REVIEW – ‘The Invisible Man’ is as thrilling and terrifying as it is shrewdly relevant

In an era of remakes that do little more than slap a new coat of paint on a well-known story, you approach something like a reimagining of The Invisible Man with immense trepidation. Thankfully, this is one remodel that deftly proves its necessity. By flipping the narrative focus away from its titular character, writer/director Leigh Whannell offers a fresh take on H. G. Wells’ 1897 novel that’s as thrilling and terrifying as it is shrewdly relevant.

With yet another impressive performance by Elisabeth Moss at its helm, The Invisible Man paints a devastating portrait of a woman in the crippling grasp of an abusive relationship that becomes even more damaging when she can no longer see her abuser. It’s a socially-aware piece of cinema that has a message to deliver, but smart enough to conceal it amongst a hefty helping of thrilling entertainment.

With all the hallmarks of the thrillers that once dominated box office receipts, The Invisible Man harkens back to a style of cinema the 21st century has seemingly forgotten. Part classic monster horror movie, part psychological thriller, Whannell has crafted a visceral experience that’s tense, horrifying, and emotionally affecting. It’s everything a remake should be, and then some. Colour me surprised, but this is already one of the best things you will see this year.

In the middle of the night, Cecilia Kass (a spectacular Moss) awakens next to her partner Adrian Griffin (Oliver Jackson-Cohen), a groundbreaking optics expert whose consistent mental and physical abuse of Cecilia has finally left her with no choice but to escape. After earlier drugging Adrian, Cecilia flees their lavish modern Stinson Beach manor and is eventually rescued by her terrified sister, Alice (Harriet Dyer).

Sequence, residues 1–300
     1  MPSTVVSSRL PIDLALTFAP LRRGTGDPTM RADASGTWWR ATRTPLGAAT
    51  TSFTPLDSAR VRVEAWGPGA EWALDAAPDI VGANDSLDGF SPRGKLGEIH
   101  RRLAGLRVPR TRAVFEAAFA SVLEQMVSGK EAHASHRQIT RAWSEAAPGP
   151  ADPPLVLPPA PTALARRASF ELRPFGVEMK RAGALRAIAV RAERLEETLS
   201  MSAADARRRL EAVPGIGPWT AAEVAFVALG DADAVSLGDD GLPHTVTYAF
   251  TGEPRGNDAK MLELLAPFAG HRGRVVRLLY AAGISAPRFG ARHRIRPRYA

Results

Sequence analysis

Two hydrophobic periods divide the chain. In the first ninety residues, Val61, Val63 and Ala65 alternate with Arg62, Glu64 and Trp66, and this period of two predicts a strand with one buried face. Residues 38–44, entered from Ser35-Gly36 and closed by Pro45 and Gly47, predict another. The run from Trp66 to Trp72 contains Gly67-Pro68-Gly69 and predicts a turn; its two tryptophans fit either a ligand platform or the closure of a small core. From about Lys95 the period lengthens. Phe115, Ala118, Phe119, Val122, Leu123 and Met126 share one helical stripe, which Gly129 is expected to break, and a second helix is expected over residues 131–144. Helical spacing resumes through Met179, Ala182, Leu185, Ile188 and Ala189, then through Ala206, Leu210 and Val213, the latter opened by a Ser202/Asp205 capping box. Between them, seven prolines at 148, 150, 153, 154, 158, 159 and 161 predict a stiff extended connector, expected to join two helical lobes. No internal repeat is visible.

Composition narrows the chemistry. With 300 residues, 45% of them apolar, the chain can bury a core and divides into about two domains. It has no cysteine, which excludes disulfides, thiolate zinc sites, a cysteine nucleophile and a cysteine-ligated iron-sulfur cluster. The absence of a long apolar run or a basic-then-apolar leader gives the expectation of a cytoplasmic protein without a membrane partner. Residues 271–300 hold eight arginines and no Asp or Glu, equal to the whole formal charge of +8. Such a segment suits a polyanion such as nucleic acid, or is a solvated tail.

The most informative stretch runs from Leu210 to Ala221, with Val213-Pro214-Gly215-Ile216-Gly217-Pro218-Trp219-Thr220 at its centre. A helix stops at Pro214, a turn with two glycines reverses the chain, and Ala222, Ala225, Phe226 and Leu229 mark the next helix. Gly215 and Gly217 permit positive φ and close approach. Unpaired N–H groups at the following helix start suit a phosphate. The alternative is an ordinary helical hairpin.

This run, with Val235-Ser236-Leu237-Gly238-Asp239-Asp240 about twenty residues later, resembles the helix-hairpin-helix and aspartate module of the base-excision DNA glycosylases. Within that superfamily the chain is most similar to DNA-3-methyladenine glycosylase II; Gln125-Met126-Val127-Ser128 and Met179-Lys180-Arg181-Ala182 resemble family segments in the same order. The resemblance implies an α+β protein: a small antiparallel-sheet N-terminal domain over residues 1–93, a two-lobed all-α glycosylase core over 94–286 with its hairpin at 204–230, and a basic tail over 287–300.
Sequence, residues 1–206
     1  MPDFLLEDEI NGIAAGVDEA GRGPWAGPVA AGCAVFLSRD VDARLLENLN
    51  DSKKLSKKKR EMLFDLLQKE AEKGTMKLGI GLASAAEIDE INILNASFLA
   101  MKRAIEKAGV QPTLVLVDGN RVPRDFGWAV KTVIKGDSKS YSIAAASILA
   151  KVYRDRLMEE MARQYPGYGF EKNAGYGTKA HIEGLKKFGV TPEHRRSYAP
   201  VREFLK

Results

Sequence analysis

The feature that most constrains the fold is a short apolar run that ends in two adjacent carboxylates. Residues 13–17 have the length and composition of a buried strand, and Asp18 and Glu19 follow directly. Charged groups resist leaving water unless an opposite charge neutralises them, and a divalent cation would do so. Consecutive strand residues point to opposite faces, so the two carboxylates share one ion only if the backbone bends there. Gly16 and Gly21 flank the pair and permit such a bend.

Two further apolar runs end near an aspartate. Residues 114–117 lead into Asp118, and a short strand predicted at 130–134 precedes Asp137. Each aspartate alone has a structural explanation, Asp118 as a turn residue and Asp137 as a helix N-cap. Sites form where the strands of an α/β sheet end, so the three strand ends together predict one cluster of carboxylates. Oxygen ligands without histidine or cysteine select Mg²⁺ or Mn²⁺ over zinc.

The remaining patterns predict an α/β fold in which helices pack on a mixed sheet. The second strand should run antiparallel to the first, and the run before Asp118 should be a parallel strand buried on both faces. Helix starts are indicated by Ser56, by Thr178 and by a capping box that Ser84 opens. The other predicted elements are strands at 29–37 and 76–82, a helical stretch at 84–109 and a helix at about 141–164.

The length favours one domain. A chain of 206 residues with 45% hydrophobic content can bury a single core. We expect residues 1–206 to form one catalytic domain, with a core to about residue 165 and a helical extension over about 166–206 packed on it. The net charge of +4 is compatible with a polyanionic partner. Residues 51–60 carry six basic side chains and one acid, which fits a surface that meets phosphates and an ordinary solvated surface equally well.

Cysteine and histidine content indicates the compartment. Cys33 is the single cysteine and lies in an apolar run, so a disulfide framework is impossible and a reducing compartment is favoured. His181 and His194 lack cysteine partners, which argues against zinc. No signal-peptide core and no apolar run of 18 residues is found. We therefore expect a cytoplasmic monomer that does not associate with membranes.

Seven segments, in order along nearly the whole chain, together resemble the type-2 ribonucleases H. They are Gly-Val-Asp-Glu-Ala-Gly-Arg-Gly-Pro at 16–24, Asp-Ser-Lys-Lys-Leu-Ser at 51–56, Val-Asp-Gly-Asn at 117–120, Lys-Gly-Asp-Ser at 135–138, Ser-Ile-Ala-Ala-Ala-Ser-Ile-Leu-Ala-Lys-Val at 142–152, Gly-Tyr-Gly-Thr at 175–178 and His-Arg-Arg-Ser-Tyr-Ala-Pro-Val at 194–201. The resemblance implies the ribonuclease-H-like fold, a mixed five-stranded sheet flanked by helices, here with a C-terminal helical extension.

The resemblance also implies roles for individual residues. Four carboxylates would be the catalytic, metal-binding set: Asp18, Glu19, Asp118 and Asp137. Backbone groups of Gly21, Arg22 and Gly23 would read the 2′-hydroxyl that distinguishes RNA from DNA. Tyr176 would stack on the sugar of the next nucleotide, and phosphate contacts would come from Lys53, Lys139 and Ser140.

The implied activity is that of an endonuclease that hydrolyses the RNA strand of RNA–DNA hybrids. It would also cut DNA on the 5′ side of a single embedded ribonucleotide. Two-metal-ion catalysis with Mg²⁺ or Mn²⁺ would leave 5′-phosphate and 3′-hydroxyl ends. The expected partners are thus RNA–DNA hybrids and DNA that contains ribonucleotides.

Safe in the San Francisco home of her childhood friend and local cop James Lanier (Aldis Hodge) and his teenage daughter, Sydney (Storm Reid), Cecilia reveals Adrian’s sociopathic behaviour that controlled her every move. Suffering crippling PTSD-induced paranoia, Cecilia refuses to even take a few steps outside James’ house for fear Adrian will discover her whereabouts.

After enduring two weeks of seclusion, Cecilia’s torment appears to finally be over when Alice reveals Adrian has taken his own life. When a letter arrives requiring Cecilia’s attendance at the reading of Adrian’s will, his brother Tom (Michael Dorman) informs a shocked Cecilia she is the sole benefactor of his estate, meaning $5 million is all hers to do with as she pleases, provided she doesn’t commit any crimes and nullify the settlement.

While Cecilia initially celebrates her apparent good fortune, a series of unsettling events soon begin to occur, leading her to believe Adrian’s death was an elaborate hoax and he’s somehow found a way to continue torturing her. With his background in optics, Cecilia is convinced Adrian has invented a method of invisibility, which, naturally, sounds insane to all those around her. As her sanity begins to crumble, she desperately battles to prove she is being hunted by an invisible man.

What truly sets Whannell’s impressive adaptation apart from previous incarnations is his deft choice to focus the narrative away from the titular character, offering a fresh female perspective on this well-worn tale. It will likely be dismissed by those easily triggered by female-led films as “woke,” but presenting a completely different angle on an existing IP is entirely what all remakes should seek to do. In an age of pointless shot-for-shot reimaginings, it’s decidedly refreshing to find a filmmaker refusing to fall into this tired trope.